School Visit

June 30, 2015

Last week I paid a visit to St. Gabriel's, the school where my sister teaches grade 5/6, and did a Q & A about BECOMING DARKNESS and the whole experience of getting the book published. It was an entertaining hour and a half, with a lot of great questions from some of the students -- this despite it being their last day of school.

 

My sister has done an incredible job of inspiring many of these kids to write in ways they had never believed they could before, and some of them definitely have the potential to go on to careers in writing if they stick with it. There were a few who were particularly enthusiastic and excited to meet someone who had actually been published the traditional way, and I did my best to encourage them -- even though I know from personal experience that it can be a tough slog in this industry and that in the years ahead it will only likely get even harder.

 

One girl -- Olivia -- very much impressed me with her desire to learn more about the whole process and her determination to continue writing. It is so incredible to meet young people like this who show such a passion for books and a yearning to go beyond being just a reader. They are driven to create, and I credit my sister, Carolyn, for engendering that in her students. She is proof positive that a good teacher can help mold the movers and shakers of tomorrow, and I think it a sad thing indeed that today far too many people simply do not appreciate just how essential teachers are to our future.

 

I don't think those who make it in this world give enough credit to the people who taught them and gave them the foundation upon which to achieve the successes they have enjoyed. No matter how much we may think we have done something all by ourselves, if we are honest and look back upon the journey, it's almost certain we'll see the path littered with signposts marking those who aided or influenced us in some way or another. Among those are the teachers who opened our eyes to possibilities, who inspired us and made the whole process of learning one of boundless exploration and an endless quest for knowledge. These are the people who made us realize that the story doesn't end when the last page is read, that it can go on forever, so long as we have the will to make it so.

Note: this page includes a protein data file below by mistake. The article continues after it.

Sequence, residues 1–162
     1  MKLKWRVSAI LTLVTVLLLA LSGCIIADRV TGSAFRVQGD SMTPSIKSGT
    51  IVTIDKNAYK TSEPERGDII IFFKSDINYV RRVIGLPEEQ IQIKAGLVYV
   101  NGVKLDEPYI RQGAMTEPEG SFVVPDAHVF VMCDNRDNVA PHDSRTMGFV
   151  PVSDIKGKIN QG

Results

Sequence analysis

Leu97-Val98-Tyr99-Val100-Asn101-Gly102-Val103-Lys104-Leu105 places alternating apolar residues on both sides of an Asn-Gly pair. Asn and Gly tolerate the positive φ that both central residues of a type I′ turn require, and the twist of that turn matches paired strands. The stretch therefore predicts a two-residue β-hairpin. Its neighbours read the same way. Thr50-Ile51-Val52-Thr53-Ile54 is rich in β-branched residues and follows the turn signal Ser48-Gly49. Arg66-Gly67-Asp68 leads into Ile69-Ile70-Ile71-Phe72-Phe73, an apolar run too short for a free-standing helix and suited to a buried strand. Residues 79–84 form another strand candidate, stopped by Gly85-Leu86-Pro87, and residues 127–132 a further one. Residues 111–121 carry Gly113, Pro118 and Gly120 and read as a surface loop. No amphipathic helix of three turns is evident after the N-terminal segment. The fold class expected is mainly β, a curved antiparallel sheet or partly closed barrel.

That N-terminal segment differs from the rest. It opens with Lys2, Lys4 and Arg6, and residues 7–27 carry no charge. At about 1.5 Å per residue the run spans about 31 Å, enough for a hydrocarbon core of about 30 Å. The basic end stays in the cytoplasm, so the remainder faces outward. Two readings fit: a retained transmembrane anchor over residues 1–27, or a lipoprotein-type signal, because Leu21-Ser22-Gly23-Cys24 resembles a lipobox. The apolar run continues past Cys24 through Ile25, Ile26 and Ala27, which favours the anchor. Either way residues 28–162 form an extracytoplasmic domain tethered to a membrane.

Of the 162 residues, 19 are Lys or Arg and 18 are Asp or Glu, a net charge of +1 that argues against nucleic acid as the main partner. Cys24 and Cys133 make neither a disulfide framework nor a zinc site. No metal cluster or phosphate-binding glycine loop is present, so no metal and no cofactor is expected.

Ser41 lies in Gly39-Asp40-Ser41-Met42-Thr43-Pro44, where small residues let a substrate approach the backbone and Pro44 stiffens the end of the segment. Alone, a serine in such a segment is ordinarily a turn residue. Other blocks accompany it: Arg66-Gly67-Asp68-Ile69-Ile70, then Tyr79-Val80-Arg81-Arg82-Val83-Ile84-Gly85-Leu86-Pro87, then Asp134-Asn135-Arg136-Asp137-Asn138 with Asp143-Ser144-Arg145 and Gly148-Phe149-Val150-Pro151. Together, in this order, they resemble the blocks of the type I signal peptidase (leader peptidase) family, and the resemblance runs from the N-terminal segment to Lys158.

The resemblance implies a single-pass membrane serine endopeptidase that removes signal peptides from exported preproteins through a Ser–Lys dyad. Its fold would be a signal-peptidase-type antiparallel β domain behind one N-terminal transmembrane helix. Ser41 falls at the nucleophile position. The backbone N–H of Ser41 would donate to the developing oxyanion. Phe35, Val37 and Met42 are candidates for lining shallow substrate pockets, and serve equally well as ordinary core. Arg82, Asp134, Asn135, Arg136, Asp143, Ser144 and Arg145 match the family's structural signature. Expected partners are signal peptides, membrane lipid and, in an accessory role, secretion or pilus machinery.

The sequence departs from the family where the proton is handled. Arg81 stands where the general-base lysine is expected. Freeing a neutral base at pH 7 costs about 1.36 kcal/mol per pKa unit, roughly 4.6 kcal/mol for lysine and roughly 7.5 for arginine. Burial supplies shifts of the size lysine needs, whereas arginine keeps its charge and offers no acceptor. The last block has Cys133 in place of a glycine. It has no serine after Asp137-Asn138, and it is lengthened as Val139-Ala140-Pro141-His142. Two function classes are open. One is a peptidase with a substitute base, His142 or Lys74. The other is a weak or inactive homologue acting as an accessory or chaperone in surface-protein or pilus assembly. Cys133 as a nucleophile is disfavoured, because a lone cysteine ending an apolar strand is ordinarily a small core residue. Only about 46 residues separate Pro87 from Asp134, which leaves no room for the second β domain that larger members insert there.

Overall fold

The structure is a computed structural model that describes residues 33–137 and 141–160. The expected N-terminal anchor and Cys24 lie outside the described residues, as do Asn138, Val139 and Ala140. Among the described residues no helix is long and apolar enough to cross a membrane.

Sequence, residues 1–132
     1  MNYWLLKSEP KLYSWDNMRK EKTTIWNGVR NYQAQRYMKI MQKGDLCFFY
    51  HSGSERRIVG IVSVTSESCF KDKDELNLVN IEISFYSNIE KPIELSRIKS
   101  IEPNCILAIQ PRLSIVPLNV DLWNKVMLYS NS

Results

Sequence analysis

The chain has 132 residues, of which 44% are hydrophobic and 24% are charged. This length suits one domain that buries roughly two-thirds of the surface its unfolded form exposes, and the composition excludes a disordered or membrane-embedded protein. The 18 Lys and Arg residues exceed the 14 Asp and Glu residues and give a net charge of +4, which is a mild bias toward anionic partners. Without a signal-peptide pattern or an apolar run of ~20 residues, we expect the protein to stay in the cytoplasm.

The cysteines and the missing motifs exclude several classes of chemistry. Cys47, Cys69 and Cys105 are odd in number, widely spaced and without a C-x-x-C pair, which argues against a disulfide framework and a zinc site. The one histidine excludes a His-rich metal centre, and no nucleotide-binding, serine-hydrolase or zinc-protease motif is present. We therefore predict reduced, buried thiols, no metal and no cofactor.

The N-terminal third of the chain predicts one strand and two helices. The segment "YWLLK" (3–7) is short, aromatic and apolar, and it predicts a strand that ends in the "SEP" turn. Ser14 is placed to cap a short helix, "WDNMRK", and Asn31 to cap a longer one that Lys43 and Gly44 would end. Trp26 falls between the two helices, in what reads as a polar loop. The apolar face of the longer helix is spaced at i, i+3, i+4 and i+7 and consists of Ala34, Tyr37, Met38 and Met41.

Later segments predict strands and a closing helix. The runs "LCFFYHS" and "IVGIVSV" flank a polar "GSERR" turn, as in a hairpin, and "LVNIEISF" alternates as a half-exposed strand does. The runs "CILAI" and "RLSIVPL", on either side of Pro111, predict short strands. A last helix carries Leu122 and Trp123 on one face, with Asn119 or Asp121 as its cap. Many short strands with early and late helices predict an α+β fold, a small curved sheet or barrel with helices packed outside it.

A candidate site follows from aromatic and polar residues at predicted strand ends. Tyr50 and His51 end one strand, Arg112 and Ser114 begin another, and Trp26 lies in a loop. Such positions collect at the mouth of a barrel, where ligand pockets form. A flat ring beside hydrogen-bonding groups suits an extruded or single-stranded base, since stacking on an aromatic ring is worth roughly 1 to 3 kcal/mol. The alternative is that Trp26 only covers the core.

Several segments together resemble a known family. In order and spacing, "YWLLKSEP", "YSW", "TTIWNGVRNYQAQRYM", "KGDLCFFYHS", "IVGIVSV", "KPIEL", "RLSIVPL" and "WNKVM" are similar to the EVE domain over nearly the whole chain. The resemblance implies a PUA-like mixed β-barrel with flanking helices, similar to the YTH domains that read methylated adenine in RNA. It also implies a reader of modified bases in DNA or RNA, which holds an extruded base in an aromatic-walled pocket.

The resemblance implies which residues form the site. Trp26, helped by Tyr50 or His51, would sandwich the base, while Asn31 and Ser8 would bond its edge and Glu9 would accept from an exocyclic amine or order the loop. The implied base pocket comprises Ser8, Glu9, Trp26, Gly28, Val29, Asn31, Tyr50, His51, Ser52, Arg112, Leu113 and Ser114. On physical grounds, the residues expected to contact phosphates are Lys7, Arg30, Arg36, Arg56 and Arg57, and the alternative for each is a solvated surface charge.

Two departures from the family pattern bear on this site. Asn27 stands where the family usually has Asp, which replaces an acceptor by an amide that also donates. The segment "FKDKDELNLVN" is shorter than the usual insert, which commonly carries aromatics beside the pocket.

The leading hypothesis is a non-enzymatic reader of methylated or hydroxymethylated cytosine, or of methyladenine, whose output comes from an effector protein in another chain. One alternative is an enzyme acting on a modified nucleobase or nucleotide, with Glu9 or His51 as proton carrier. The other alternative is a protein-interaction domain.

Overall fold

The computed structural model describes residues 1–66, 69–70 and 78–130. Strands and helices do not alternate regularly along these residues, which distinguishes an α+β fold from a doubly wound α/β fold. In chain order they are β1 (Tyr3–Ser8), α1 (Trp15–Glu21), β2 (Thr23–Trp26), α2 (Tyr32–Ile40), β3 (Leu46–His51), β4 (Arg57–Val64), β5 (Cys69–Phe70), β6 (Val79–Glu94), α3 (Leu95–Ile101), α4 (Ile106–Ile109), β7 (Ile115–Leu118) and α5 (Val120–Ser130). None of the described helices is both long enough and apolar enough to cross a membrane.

I cannot imagine a world without teachers; it would be truly dystopian. The sooner we, as a society, get back to realizing just how essential teachers are to the fundamentals of civilization and the continued march into tomorrow, the better off we'll all be. Countries that value education (in its many guises) are the ones that are most likely to succeed in an ever competitive world. Education should be one of the -- if not the -- most important pillars of any country's strategies for the future wellbeing of its people. If education is weak, then there is a risk that sooner or later (most likely sooner) the whole thing will come crashing down and the population as a whole will suffer the consequences.

 

I wrote a book that I hope will make readers think about the world they live in and the choices that must sometimes be made for the betterment of society. But every day teachers instill in young people lessons for the life they're now living and the one they will live in the days and years ahead. We should never make the mistake of undervaluing this; and we should never lose sight of the fact that without it, we risk becoming rudderless and subject to the sort of depradations that have beggared many a nation and its peoples and seen them suffer great misery.

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